Biodiversity and Habitat Loss<p>Their near extinction is a symbol of the <a href="https://www.dw.com/en/global-biodiversity-outlook-targets-extinction-summit-new-york-pledge/a-54932895" target="_blank">biodiversity crisis</a> in the UK, largely driven by habitat destruction. Britain is now one of the countries with the most <a href="https://www.wwf.org.uk/future-of-UK-nature#:~:text=The%20UK%20is%20one%20of,than%20half%20are%20in%20decline" target="_blank">depleted nature</a> in the world according to the World Wildlife Fund. Half its plant and animal species are in decline and more than <a href="https://www.rspb.org.uk/about-the-rspb/about-us/media-centre/press-releases/let-nature-sing-wales/#:~:text=a%20natural%20tragedy.-,Over%2040%20million%20birds%20have%20vanished%20from%20UK%20skies%20in,unaware%20of%20the%20impending%20danger" target="_blank">40 million birds</a> have vanished in just half a century.</p><p>"[Turtle doves] are the canary in the [coal] mine because there are all these other species before it and after it," said Tree. "It's an umbrella for all the other species that are heading that way."</p><p>Turtle doves migrate south through Europe to sub-Saharan Africa between July and September, ending up in dry woodland and farmland areas of countries like Mali and Senegal for winter. </p><p>Droughts in West Africa and the Sahel region are believed to have contributed to the fall in turtle dove species recorded in northern Europe, with low rainfall reducing supplies of the seeds and insects the birds rely on for energy for the long journey home.</p>
Conservation and Farming<p><a href="https://www.operationturtledove.org/" target="_blank" rel="noopener noreferrer">Operation Turtle Dove,</a> a partnership project of charities including the Essex Wildlife trust, works with landowners and farmers to actively build turtle dove habitat.</p><p>Outten works with <a href="https://www.ebws.org.uk/birdsites/blue-house-farm-ewt-north-fambridge" target="_blank">Blue House Farm</a>, a 660-acre nature reserve in the UK county of Essex, where they have replicated weedy fallow plots. </p><p>"We work on it every year to make sure it's in the condition it needs to be with plants such as clovers and black medic," Outten said. "These plants are native to the landscape and produce the seed the birds feed on." </p><p>The birds eat a wide range of seeds from various plants that would have been abundant 50 or 100 years ago, added Guy Anderson, program manager for species recovery with The Royal Society for the Protection of Birds (RSPB). </p><p>"But it's simply true that with the gradual process of <a href="https://www.dw.com/en/farming-without-pesticides-how-can-we-make-agriculture-greener/a-52216796" target="_blank" rel="noopener noreferrer">intensifying our agricultural production</a>, the availability of those seeds has dropped and dropped," said Anderson.</p><p>Part of the project includes supplementary feeding — providing sources of food in the form of seed or grain. Under the Countryside Stewardship Scheme in England, farmers can receive financial support to create a turtle dove habitat. </p><p>Though they haven't recorded an increase in doves across the sites in the four years of working on the project, Outten said they are seeing improvements in how landowners and farmers manage habitat for the birds. </p>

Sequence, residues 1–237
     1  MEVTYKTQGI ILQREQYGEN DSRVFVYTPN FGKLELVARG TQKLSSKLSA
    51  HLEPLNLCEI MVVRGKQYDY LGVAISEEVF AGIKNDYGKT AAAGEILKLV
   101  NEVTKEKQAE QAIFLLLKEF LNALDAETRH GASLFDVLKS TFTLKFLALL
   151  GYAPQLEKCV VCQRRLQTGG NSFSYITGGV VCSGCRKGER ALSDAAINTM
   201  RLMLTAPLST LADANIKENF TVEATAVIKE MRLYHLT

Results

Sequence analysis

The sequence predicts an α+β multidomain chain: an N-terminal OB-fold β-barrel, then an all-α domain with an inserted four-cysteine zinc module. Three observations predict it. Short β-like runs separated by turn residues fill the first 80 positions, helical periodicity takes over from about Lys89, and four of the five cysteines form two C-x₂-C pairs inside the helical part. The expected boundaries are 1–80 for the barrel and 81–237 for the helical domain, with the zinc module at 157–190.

A Turtle Dove Haven<p>The 3,500-acre Knepp Estate in West Sussex is another project taking a different approach and one of the few places where turtle dove numbers are increasing.</p><p>Isabella Tree and her husband Charlie Burrell converted their intensively farmed land into a rewilding project almost 20 years ago. They have let the land return to nature.</p><p>Just one year after they'd finished <a href="https://www.dw.com/en/uks-most-talented-architects-are-not-human/a-35952128" target="_blank">rewilding</a> the southern part of their property, they heard turtle doves for the first time. It's now a breeding hotspot for the birds with an estimated 19 pairs. Knepp is also home to <a href="https://www.rewildingbritain.org.uk/rewilding/rewilding-projects/knepp-estate" target="_blank" rel="noopener noreferrer">2% of the UK's population</a> of nightingales. </p><p>Tree is critical of supplementary feeding schemes that, in her view, are short term. She questions the chances of turtle doves getting to feed on scattered seeds before other mammals eat them first.</p>